JERUSALEM — A contingent of border guards has been sent in to help maintain law and order in Tel Aviv neighbourhoods rocked by race riots, a police spokesman said on Friday.
"A unit of border guards comprising 60 men, including 40 police officers, has been deployed in south Tel Aviv to ensure order," Micky Rosenfeld told AFP.
The riots on Wednesday night in impoverished neighbourhoods around the city's central bus station erupted when a protest by 1,000 people against the rising number of Africans moving into the area turned violent.
Witnesses described scenes of chaos as demonstrators went on the rampage with sticks and stones, attacking African-run shops and smashing up a car driven by two African men.
Police said afterwards 20 people had been arrested on suspicion of vandalising shops and attacking cars driven by Africans, but added that there were no reports of anyone being injured.
The riots sparked shock in Israel, but also prompted top-level calls for the immediate arrest and expulsion of tens of thousands of African migrants, most of whom originate from Sudan, South Sudan and Eritrea.
Media reports said the rally turned nasty after the crowd was whipped up by several racist speeches by rightwing MPs, several of them from the ruling Likud party of Prime Minister Benjamin Netanyahu.
"The infiltrators are a cancer in our body," Likud MP Miri Regev told the crowd, as fellow MP Danny Danon shouted: "The infiltrators must be expelled from Israel! Expulsion now!"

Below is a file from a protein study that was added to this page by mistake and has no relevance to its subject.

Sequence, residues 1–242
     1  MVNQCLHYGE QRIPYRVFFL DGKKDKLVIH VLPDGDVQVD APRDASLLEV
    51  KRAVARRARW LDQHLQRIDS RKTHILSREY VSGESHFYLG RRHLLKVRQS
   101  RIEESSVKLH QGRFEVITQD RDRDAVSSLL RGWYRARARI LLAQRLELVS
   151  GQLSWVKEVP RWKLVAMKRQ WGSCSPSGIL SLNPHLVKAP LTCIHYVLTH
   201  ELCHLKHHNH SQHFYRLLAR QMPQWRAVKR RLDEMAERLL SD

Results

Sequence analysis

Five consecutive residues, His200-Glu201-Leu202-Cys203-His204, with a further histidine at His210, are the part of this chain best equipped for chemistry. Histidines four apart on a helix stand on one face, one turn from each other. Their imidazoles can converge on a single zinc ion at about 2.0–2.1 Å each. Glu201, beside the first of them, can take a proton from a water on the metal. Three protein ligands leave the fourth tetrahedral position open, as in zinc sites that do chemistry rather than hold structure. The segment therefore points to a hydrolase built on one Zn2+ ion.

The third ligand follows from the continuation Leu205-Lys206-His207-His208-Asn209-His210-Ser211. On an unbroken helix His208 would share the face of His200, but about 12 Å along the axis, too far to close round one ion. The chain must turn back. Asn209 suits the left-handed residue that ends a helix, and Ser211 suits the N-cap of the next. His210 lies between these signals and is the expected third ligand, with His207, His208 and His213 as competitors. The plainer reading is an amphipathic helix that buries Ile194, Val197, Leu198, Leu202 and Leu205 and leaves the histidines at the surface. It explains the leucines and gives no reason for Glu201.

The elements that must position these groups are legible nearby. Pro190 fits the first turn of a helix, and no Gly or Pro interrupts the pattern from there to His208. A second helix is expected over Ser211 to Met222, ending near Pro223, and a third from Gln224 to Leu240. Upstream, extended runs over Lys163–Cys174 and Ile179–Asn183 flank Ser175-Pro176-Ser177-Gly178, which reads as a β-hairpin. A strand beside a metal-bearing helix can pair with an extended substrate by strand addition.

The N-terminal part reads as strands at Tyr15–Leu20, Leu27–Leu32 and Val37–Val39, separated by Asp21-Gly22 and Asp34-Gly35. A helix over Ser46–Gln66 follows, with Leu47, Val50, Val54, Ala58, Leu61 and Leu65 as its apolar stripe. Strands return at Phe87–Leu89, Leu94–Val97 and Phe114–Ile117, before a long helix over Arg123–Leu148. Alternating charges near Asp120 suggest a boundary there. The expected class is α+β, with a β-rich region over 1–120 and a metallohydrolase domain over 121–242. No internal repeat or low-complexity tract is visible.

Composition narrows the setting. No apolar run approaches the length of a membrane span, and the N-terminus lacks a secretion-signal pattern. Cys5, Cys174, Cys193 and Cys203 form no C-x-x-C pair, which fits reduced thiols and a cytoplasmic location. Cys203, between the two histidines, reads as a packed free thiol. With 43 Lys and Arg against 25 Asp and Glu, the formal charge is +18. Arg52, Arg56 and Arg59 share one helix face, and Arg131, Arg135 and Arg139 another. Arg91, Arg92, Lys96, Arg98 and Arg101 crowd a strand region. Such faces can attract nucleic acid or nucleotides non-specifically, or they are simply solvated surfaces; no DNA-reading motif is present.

Regev's comments were slammed on Friday by parliamentary speaker Reuven Rivlin, a member of Netanyahu's Likud party.
"I am shocked by these statements," Rivlin told public radio. "I was born at the start of World War II and these comments remind me of the hate speech aimed against the Jewish people."
Interior ministry statistics show there are more than 60,000 African immigrants living illegally in Israel. Some are refugees fleeing persecution back home, while others are economic migrants.
The issue of illegal immigration from Africa has thrown into relief sharp divisions within Israel, with many top officials, including Netanyahu, warning that the growing number of "infiltrators" poses a major threat to the security and identity of the Jewish state.
Netanyahu Thursday issued a statement promising to resolve "the problem of the infiltrators" by sending them back to their home countries in a process which he said would start "soon."
President Shimon Peres said on Thursday night that "hating foreigners is against the foundations of Judaism."
But Interior Minister Eli Yishai, who has frequently tried to expel non-Jewish immigrants sparking accusations of racism, demanded that all Africans living illegally in Israel be put "behind bars."
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